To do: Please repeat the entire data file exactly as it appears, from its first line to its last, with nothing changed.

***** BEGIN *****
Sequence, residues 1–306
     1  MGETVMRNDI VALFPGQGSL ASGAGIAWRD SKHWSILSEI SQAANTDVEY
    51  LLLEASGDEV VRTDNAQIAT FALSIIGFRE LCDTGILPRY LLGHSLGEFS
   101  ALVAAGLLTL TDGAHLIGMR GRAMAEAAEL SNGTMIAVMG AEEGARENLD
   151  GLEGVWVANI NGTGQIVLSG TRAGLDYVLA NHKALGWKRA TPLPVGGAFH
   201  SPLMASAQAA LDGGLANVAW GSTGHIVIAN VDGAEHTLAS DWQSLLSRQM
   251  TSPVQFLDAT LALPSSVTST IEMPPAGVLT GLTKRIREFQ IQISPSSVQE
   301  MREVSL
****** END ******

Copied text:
Sequence, residues 1–306
     1  MGETVMRNDI VALFPGQGSL ASGAGIAWRD SKHWSILSEI SQAANTDVEY
    51  LLLEASGDEV VRTDNAQIAT FALSIIGFRE LCDTGILPRY LLGHSLGEFS
   101  ALVAAGLLTL TDGAHLIGMR GRAMAEAAEL SNGTMIAVMG AEEGARENLD
   151  GLEGVWVANI NGTGQIVLSG TRAGLDYVLA NHKALGWKRA TPLPVGGAFH
   201  SPLMASAQAA LDGGLANVAW GSTGHIVIAN VDGAEHTLAS DWQSLLSRQM
   251  TSPVQFLDAT LALPSSVTST IEMPPAGVLT GLTKRIREFQ IQISPSSVQE
   301  MREVSL